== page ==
President’s Message – Jay Martin
At our January Steering Committee meeting, we decided to retain the current slate of officers. I feel honored to serve another year as President of the Friends and grateful to Tom and Christina Darby, John King and Judith Stribling that they agreed to continue as Vice President, Secretary, Treasurer and Membership Coordinator respectively. If it ain’t broke, don’t fix it!
My particular focus lately has been on the use of productive farmland for large solar collector installations. After reading about the reservations of farmers about these conversions in The Delmarva Farmer, I became concerned that solar “farms” could become a contentious issue similar to the mega poultry operations popping up in the area. Describing a solar array as a farm is a misnomer; you can’t eat sunlight. Thus far there has been little discussion of the issue among our local representatives. Other MD counties on the Shore are currently addressing the issue, which could make Wicomico County an easy “target”. Read below for more on this.
We welcome any suggestions or comments you may have. Contact me at 410-873-2942 or email@example.com or Judith (newsletter editor) at 410-873-2091 or firstname.lastname@example.org.
Rural Legacy expansion approved!
On October 4, 2017, the Maryland Board of Public Works voted unanimously to approve the expansion of the Quantico Creek Rural Legacy Area in Wicomico County. This expansion will combine the existing Quantico Creek Rural Legacy Area (RLA), which encompasses 14,687 acres on both sides of Quantico Creek, with an additional 21,131 acres surrounding Rewastico Creek, both tributaries of the Nanticoke River. It also extends around Hebron through the lands over the Paleochannel, to the Delaware line.
The area is known for its rural character, abundant open lands, cultural significance, natural wildlife habitat, and water quality impact on the Nanticoke River Watershed. This represents a major commitment on the part of the County and the State to protect our agricultural industry, our rural lifestyle, and the environmentally sensitive natural resources that are a key to the health of both its citizens and the Nanticoke River. It will also provide landowners in these areas a voluntary financial alternative to selling lots for development.
Early winter comes to the Nanticoke River Upper Nanticoke in Seaford, near Tom Darby’s house, 1/5/2018
Nanticoke River Cleanup at Roaring Point – September 2017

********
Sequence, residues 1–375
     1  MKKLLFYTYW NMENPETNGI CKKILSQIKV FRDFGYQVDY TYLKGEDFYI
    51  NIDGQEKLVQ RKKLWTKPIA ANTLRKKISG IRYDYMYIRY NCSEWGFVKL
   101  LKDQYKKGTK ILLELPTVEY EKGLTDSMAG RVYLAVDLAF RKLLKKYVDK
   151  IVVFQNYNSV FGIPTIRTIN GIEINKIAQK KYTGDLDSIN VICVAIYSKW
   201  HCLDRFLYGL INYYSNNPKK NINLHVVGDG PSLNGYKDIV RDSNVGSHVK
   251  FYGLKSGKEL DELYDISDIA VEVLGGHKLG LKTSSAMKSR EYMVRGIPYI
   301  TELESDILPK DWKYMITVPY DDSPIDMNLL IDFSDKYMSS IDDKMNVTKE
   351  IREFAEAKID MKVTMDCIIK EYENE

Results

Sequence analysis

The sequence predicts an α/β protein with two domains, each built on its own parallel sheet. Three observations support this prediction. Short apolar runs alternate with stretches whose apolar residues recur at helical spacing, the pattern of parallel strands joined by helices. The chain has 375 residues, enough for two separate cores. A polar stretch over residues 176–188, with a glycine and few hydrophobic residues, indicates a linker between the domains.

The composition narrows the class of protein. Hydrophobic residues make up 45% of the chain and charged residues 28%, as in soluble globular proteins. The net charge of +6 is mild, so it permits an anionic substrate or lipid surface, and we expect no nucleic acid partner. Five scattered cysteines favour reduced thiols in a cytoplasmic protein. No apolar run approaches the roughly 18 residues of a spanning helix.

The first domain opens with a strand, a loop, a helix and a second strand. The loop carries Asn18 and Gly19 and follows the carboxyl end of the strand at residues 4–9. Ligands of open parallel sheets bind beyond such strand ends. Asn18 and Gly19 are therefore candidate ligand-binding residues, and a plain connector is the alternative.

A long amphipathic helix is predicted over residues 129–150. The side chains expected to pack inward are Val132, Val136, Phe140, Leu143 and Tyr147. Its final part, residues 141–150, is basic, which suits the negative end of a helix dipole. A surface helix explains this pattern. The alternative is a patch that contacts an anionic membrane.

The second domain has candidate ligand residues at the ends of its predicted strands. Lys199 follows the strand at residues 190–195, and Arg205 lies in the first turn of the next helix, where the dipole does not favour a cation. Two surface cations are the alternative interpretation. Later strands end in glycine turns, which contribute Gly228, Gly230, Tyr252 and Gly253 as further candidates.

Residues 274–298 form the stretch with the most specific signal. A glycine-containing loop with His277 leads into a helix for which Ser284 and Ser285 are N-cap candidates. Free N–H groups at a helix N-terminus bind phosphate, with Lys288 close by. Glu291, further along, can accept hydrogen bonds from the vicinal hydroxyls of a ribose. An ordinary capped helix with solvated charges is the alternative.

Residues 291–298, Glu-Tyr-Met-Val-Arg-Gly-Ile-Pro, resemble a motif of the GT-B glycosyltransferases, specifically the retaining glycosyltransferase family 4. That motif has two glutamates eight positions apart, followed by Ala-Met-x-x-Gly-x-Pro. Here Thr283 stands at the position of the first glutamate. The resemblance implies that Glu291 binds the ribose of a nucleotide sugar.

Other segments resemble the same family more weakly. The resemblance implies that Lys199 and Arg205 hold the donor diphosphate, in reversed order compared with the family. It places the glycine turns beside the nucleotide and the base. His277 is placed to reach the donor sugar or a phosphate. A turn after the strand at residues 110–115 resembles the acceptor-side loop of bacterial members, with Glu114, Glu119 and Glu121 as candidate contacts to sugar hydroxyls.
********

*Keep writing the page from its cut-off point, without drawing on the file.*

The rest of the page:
Are solar “farms” in need of regulation?
Solar energy represents a vital contribution to reducing greenhouse gases and other environmental damages. The Maryland General Assembly has mandated a statewide Renewable Portfolio Standard (RPS) at 25% (combined wind and solar) of our total energy supply by 2030, and solar energy systems are proliferating in our region. However, solar panels are often placed over natural landscapes, negatively affecting these ecosystems. Currently, the drive to place large solar installations on farmland has generated concerns on the part of farmers who must compete with solar companies for renting farmland, and others who decry the potential loss of productive farmland in general. Several of Maryland’s counties and most of the Eastern Shore farm bureaus are contesting use of prime farm land for this purpose.
The Maryland Public Service Commission has been tasked with approval of specific proposals, and under a law passed last session, is required to consult with county authorities and to hold public hearings on each application. Many of Maryland’s rural counties have adopted, or are in the process of adopting or considering, guidelines for when and where solar panels may be placed on agricultural zoned land.
The Friends of the Nanticoke River enlisted Salisbury University’s Environmental Studies Department to lend its hand in trying to resolve potential controversies over siting of solar panels on farm land. Building on the experience of other Shore counties, SU’s Mike Lewis has organized a series of meetings with farmers, environmentalists (including the Friends) and local legislators to try to find common ground on this issue. The objective is to reach agreement on guidelines that can be recommended for adoption in Wicomico and in other counties to prevent conflict with farming.
Nanticoke Watershed Alliance River Wade-In and 2018 Creekwatchers
Warmer days are coming! The 2018 season of Nanticoke Creekwatching is approaching! The Nanticoke Watershed Alliance (NWA) will kick off the season with training on Saturday, March 17, 2018, from 10AM-4PM at the Trap Pond State Park Baldcypress Nature Center near Laurel, DE. The NWA needs a new Creekwatcher to adopt a site in Quantico, MD, near Salisbury. Please contact Volunteer and Outreach Coordinator Beth Wasden for more information (email@example.com or 443.944.1175). You can register for training at:http://nanticokeriver.org/creekwatchers2018/
The NWA will also be holding its annual Wade-In at Trap Pond State Park in Laurel, DE on Saturday, June 9th. Come see whether water clarity in that part of the river has improved! There will be a unique addition to this event this year, a “seed exchange.” Donations will be accepted at several events prior to the Wade-In, and seeds will be available there for attendees. In addition, the Wade In will offer several free programs for adults and children, and the NWA will release the Ten Year Nanticoke River Report Card.
See www.nanticokeriver.org for more information on both events.
We had a beautiful day for our beach cleanup, and equally beautiful was a beach with relatively little trash. Wicomico County Parks helped with hauling the bags away, and our recently-posted Facebook page garnered several new volunteers.